STANLEY KETCHEL’S life was an adventure. It ended when he was only 24, shot through the lung by Walter Dipley in a jealous rage over a woman. Ketchel had lived in keeping with the myths of the Wild West. From a Polish family, his original name was Stanislaus Keical. Ketchel was just 14 years old when he fled home to travel America as a hobo.

He wound up in Butte, Montana, a rough mining town where he worked as bouncer in a bar. Here he discovered himself as a fighter, taking on all comers in shows at a local theatre. Ketchel proved to be a natural, gifted with knockout power.

His first recorded professional contest was in 1903. He won it in the first round. He plied his trade in Montana. From being a ferocious brawler Ketchel began to refine his technique, though still winning overwhelmingly by knockout. Maurice Thompson outpointed him but also took Ketchel under his wing.

In 1907 Stanley began boxing in California, boosting his national profile. The following year, in halting Jack “Twin” Sullivan in 20 rounds, he laid claim to the world’s middleweight championship.

Soon his great rivalry with Billy Papke began. In their first contest Ketchel had to settle for a win on points, though promptly restored his aura with subsequent stoppage wins over Hugo Kelly and Joe Thomas.

Papke though was no stranger to violence. He fought his way from the coal mines to the prize ring and managed to rip the title from Ketchel, paying no heed to convention, when they boxed again later in 1908. Before the rematch started the two fighters were brought into the centre of the ring to shake hands. Papke struck Ketchel with one of history’s more notable sucker punches. In those harsher times the referee did not disqualify Papke, but contented himself with reprimanding him. Ketchel hadn’t recovered from the head shot and Papke could command the bout, eventually stopping Ketchel in 12 rounds.

Stanley response was furious. A rematch was arranged before the year was out and Ketchel had the knockout on his mind. He duly delivered it in the 11th round, becoming the first man to regain a lost middleweight title in the process.

1909 was the defining year of Ketchel’s career. He got a taste of battling a larger man when he tackled “Philadelphia” Jack O’Brien. Under pressure initially Ketchel eventually made his power tell, knocking O’Brien down four times in the ninth and 10th rounds. Only the final bell made it a points loss for O’Brien rather than a knockout.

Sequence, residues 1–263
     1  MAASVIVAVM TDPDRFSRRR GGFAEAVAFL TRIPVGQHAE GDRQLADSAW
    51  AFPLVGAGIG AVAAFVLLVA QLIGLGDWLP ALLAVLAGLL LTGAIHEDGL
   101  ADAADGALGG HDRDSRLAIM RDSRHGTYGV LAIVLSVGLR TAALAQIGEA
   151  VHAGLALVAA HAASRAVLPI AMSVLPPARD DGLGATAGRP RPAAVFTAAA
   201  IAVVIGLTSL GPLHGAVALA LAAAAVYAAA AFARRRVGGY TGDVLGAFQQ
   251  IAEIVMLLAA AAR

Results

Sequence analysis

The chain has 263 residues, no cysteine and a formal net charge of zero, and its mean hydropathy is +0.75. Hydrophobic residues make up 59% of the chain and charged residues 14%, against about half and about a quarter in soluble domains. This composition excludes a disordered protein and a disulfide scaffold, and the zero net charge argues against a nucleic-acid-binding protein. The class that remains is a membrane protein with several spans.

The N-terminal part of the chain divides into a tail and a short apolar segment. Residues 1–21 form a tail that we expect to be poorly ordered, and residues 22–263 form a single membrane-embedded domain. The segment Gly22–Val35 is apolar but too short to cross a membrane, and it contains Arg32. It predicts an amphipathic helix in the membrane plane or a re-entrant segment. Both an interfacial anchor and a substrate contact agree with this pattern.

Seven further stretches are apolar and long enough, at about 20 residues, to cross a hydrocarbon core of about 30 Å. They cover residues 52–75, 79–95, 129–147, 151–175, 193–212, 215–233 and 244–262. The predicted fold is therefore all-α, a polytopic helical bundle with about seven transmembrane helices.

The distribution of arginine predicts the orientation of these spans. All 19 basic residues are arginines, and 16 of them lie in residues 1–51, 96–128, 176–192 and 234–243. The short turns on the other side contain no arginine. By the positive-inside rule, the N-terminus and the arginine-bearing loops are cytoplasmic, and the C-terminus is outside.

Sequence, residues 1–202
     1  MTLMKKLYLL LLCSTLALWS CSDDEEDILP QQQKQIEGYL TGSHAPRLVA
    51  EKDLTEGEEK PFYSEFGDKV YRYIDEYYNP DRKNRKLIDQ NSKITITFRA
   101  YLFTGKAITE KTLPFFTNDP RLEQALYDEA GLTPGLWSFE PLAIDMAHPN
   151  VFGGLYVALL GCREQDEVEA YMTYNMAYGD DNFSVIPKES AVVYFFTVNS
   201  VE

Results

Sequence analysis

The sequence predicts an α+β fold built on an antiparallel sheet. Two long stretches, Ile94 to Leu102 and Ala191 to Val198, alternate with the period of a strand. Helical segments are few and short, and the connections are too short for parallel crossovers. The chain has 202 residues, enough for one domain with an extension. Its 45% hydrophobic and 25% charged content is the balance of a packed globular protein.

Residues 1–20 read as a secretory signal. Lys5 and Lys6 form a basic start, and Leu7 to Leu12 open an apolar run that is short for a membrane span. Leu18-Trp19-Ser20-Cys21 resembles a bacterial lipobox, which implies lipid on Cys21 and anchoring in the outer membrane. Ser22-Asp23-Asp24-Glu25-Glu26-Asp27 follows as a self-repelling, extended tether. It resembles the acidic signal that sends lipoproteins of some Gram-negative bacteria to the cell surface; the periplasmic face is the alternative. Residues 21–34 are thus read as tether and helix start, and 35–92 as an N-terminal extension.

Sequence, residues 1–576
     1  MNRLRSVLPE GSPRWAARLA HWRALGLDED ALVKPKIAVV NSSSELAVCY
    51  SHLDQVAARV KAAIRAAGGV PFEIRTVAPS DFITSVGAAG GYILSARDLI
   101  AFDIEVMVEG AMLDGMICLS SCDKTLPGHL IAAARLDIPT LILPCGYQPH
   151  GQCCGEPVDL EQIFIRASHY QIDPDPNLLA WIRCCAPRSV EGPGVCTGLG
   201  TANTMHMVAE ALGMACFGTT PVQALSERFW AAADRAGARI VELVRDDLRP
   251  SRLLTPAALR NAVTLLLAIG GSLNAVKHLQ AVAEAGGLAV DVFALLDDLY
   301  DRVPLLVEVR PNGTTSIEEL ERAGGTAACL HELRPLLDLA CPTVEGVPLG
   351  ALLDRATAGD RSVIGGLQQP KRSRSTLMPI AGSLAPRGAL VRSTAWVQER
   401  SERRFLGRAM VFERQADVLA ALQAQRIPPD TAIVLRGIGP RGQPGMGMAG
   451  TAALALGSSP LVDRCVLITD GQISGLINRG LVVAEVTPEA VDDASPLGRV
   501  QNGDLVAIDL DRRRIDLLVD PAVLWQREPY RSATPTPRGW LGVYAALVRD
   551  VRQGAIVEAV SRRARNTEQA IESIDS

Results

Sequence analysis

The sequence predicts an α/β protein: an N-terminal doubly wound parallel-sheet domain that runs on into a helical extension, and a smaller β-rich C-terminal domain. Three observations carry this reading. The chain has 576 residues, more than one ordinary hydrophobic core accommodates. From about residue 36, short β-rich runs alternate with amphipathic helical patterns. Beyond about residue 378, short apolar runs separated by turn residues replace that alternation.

They fought again a few months later and Ketchel picked up from where he’d left off. O’Brien was hauled out in three. The “Michigan Assassin” got in a fourth fight with Papke, which he won on points before his fame carried him all the way to a shot at the heavyweight title.

The search for a ‘White Hope’ to challenge Jack Johnson dragged Ketchel into the heavyweight division. The champion dwarfed Ketchel but Stanley approached him with the fearlessness that so characterized his life. Initially Ketchel kept himself out of harms way. Beginning to press, in the 12th round his right found its way to the champion’s jaw, knocking the Johnson off balance. As Jack touched down momentarily, for an instant the impossible seemed possible.

But immediately Johnson rose and angrily restored order, his right hand putting Ketchel down and out for the count.

It has since been suggested that Johnson had agreed to carry Ketchel but became enraged when Stanley went for him, violating the agreement and prompting the champion to bring their encounter to an abrupt end.

Ketchel was certainly keen for a rematch though and, while boxing Sam Langford among his subsequent contests, campaigned hard for another tilt at the heavyweight championship. The ambition hadn’t been knocked out of the young man. In 1910 he went to a ranch in Conway, Missouri to set up training camp. There hired hand Walter Dipley, allegedly jealous over his girlfriend’s attraction to Ketchel, gunned down the prizefighter as he ate breakfast. Dipley was convicted of first-degree murder and served 23 years in prison.

A natural puncher with limitless confidence, the boxer showed no fear. Only 24 when he met his untimely end, if anyone lived fast and died young it was Stanley Ketchel.

Ketchel was the first man to defeat Billy Papke. The son of German immigrants Papke was born in Spring Valley, Illinois. Like Ketchel Papke was no stranger to violence and was not prepared to take that lightly. His ruse to win the second encounter involved striking Ketchel before the bout had even started. It still took 12 rounds to finish off the notorious hard man.

Papke suffered for his audacity in their third fight, enduring a fearsome beating. Their fourth and final contest was savage as well but Papke saw it out, though lost on points. In 1912 Papke was in Paris, where he hammered the legendary George Carpentier.

But his life also ended in tragedy. In 1936 Papke murdered his estranged wife, then commited suicide.

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